(NEW HAVEN) -- Yale Cancer Center researchers have identified two mechanisms to disable the Survivin gene, identified in earlier studies as an inhibitor to apoptosis, the programmed death of cancer cells. The research appears in the December issue of the Journal Nature Cell Biology.
Scientists, led by Dario C. Altieri, M.D., professor of pathology at the Yale University School of Medicine, used two different classes of molecular antagonists to interfere with the function of Survivin and eliminate its protective properties. The first is antisense, a DNA molecule that prevents the transfer of genetic code information from the Survivin gene. The second antagonist is a mutant form of the Survivin itself, but with a function completely unlike that of the original.
According to the in-vitro study using cervical carcinoma cells, both approaches produced one of two different responses. In some cases, the cancer cells died spontaneously. Those that didn't die immediately exhibited a profound defect in cell division, causing them to become unstable and die eventually. "The two independent strategies were comparable in terms of efficacy," said Altieri. "The response to each was of the same frequency and magnitude; the cancer cell is very sensitive to change."
An earlier study led by Altieri identified Survivin as a target in that it acts as a switch for cancer cells, allowing them to stay alive and continue normal cell division. "We now have another piece of the picture of how Survivin functions, and we are hopeful that this new information about potential antagonists can ultimately be used therapeutically. Survivin plays a central role in the cancer cell cycle, and its antagonists may be integrated into first-line treatments. It's one more molecular approach that, when combined with chemotherapy, may prove to increase its effectiveness, Altieri said."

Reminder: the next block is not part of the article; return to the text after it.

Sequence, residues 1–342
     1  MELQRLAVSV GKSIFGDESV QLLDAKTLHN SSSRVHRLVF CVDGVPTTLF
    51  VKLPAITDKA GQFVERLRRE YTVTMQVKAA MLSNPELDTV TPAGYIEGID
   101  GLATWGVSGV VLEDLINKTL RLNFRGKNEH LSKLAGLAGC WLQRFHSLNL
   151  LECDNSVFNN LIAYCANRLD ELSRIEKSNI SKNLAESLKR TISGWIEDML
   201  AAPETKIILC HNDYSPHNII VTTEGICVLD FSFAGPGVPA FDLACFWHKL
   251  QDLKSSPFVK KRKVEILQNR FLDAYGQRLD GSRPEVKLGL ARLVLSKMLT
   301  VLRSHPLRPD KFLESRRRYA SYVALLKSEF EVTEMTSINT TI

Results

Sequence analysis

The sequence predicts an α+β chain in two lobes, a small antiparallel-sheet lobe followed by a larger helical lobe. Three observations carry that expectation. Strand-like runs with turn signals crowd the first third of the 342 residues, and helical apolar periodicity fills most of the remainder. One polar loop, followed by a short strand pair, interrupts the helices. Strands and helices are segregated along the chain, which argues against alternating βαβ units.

"The distribution of expression of Survivin in human cancers but not in normal adult human cells, and a pattern of expression in cancer cells suggests that interruption of its function may well be one of the prime targets of this decade," said Vincent T. DeVita, Jr., M.D., director of the Yale Cancer Center.
Initial results of preclinical studies at Yale using another strain of mutant Survivin in a melanoma model in mice have shown promise, according to Altieri. And a study using antisense in that same melanoma model is about to get underway.
Other collaborators on the study include Janet Plescia and Annette Rothermel of the Yale University School of Medicine, as well as investigators from the San Raffaele Scientific Institute in Milan, Italy and Isis Pharmaceuticals in Carlsbad, California.
The Yale Cancer Center is one of a select network of comprehensive cancer centers in the country designated by the National Cancer Institute and the only one in Southern New England. Bringing together the resources of Yale-New Haven Hospital and the Yale University School of Medicine, its mission encompasses patient care, research, cancer prevention and control, community outreach and education.
The above post is reprinted from materials provided by Yale University. Note: Materials may be edited for content and length.
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